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UK European Consumer Centre

Surge in complaints about leisure credit schemes

UKECC place to staysays consumer advice organisation UK European Consumer Centre

 

UK consumers are being urged to be aware of the growth in complaints about leisure credit schemes which fall outside the recently revised timeshare and holiday products legislation.

 

This emerging trend came to light as the consumer advice organisation UK European Consumer Centre (UK ECC) looked at new products and schemes that have been developed by some traders in the two years since the implementation of the EU Timeshare Directive (2008/122/EC) in 2011.

 

Andy Allen, UK European Consumer Centre (UK ECC) Director, said: “This new product of a leisure credit scheme falls outside the revised legislation. The product tends to proliferate in popular holiday destinations such as Spain, Portugal and Malta.

 

"We want to draw consumers' attention to the fact that this product is not covered by the EU Timeshare Directive (2008/122/EC) and that consumers need to be aware that they do not have the protection given by this legislation if they enter into contracts for this type of product. Consumers should understand that they will have no cancellation rights, cooling-off period, deposits or consumer information rights under this legislation."

 

Complaints to the UK European Consumer Centre about leisure credit schemes rose by 140% in the year to the end of March 2013 compared to the previous year (year to the end of March 2012). There were 60 complaints in the year to the end of March 2013, compared to 25 complaints in the year to the end of March 2012.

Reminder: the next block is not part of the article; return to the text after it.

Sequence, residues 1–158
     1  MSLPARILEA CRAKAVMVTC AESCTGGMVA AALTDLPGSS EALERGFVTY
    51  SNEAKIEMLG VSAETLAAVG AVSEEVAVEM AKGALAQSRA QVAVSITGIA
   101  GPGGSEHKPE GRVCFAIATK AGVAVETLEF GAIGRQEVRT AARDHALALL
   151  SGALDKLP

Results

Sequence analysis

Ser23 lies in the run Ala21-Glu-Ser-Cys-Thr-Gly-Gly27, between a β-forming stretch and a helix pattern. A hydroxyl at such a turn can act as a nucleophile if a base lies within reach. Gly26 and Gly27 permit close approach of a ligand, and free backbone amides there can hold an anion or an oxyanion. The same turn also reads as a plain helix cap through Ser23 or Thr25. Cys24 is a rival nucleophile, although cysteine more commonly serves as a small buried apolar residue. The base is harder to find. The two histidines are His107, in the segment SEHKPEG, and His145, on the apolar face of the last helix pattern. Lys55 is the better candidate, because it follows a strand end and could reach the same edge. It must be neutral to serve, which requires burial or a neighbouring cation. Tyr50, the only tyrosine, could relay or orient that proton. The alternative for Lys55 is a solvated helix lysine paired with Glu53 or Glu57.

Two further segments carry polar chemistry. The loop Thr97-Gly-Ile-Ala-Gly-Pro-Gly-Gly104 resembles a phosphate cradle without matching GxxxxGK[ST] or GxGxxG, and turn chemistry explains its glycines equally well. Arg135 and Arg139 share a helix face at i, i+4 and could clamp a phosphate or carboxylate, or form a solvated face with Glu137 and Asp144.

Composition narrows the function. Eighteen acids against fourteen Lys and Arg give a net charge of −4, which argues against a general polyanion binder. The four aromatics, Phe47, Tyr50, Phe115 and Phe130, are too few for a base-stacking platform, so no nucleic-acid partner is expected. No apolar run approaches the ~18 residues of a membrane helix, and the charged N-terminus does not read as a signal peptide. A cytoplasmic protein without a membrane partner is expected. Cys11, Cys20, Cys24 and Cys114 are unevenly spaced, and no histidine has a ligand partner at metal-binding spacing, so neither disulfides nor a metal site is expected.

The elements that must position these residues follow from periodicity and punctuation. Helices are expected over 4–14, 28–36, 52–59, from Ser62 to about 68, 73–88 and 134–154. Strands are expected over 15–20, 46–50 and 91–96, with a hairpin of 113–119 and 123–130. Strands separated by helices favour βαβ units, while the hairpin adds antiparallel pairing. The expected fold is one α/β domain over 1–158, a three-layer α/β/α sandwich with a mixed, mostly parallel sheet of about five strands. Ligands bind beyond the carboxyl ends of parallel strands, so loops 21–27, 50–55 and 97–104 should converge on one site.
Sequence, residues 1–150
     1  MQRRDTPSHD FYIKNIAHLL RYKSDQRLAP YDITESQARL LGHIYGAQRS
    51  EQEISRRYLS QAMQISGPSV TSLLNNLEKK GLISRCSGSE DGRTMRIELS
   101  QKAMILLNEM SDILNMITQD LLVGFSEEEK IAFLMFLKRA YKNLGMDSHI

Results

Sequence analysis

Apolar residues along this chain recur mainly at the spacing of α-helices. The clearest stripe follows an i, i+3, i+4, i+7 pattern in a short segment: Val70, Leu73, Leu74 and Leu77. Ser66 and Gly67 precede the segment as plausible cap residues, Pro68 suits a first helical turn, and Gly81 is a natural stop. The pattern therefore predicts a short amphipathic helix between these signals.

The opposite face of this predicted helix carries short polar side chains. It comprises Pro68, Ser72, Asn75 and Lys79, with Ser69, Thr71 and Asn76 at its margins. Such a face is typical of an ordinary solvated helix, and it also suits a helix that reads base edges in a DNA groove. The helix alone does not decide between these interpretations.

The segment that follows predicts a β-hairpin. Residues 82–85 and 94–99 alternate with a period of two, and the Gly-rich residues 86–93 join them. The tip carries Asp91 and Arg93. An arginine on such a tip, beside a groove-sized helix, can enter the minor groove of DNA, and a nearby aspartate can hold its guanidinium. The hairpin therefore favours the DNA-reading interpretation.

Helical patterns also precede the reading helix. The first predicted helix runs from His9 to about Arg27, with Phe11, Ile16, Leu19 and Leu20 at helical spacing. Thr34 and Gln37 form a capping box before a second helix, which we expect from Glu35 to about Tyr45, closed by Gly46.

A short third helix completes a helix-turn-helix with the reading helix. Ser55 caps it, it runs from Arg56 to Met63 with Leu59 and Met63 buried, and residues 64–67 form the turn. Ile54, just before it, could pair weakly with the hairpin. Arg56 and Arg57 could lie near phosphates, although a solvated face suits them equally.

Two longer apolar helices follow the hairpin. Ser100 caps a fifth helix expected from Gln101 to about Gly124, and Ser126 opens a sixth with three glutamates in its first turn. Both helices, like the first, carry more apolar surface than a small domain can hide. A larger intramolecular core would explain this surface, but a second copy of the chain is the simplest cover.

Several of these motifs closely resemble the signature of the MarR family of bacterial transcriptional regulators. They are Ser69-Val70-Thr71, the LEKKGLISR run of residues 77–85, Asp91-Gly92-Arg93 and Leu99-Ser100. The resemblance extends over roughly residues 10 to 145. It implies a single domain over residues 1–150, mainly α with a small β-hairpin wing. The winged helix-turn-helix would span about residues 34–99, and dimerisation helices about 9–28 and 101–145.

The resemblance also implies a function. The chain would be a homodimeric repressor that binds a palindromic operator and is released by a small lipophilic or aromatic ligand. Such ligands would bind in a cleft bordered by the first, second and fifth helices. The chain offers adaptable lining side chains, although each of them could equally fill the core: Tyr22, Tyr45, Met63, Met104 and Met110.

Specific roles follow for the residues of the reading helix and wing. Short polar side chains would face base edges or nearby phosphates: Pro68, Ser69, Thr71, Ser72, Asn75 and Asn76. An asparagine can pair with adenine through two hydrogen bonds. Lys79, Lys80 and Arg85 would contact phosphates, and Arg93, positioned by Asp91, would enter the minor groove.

In leisure credit schemes, credits are sometimes bought outright or represent a product discount. Normally one-off purchases, the credits can cost consumers up to £15,000 and can then be exchanged for leisure products such as holiday accommodation, spa days and theatre trips. Hallmarks of these schemes can include:

·        being verbally sold as a way of offloading or trading-in a timeshare or holiday club membership,

·        when consumers have second thoughts they can find themselves unable to cancel their contracts.

 

Mr Allen added: "The Directive is intended to give the best protection in the modern holiday market and give all consumers across Europe equal protection. Whilst the legislation extended consumer protection throughout the EU in the field of timeshares and holiday clubs by giving minimum standards in more areas, there are now new loopholes and weaknesses and we are seeing complaints about these coming through. Consumers need to be aware of these restrictions; that's why we want to highlight this."

 

The UK European Consumer Centre has just produced a leaflet called 'Timeshares and holiday products – what you should know', published on the UK ECC website.

ENDS

Notes to Editors

 

Leisure credit schemes

 

Credits are sometimes bought outright or represent a product discount. Normally one-off purchases, the credits can cost consumers up to £15,000 and can then be exchanged for leisure products such as holiday accommodation, spa days and theatre trips. Hallmarks of these schemes can include: being verbally sold as a way of offloading or trading-in a timeshare or holiday club membership, when consumers have second thoughts they can find themselves unable to cancel their contracts.